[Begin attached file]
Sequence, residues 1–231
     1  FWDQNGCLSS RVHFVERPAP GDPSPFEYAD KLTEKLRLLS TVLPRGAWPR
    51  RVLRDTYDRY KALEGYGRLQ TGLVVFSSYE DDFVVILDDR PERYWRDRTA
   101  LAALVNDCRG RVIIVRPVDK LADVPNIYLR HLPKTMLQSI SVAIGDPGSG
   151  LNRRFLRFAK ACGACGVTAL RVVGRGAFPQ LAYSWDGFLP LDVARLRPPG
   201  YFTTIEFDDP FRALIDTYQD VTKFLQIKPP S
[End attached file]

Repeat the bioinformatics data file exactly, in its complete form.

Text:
Sequence, residues 1–231
     1  FWDQNGCLSS RVHFVERPAP GDPSPFEYAD KLTEKLRLLS TVLPRGAWPR
    51  RVLRDTYDRY KALEGYGRLQ TGLVVFSSYE DDFVVILDDR PERYWRDRTA
   101  LAALVNDCRG RVIIVRPVDK LADVPNIYLR HLPKTMLQSI SVAIGDPGSG
   151  LNRRFLRFAK ACGACGVTAL RVVGRGAFPQ LAYSWDGFLP LDVARLRPPG
   201  YFTTIEFDDP FRALIDTYQD VTKFLQIKPP S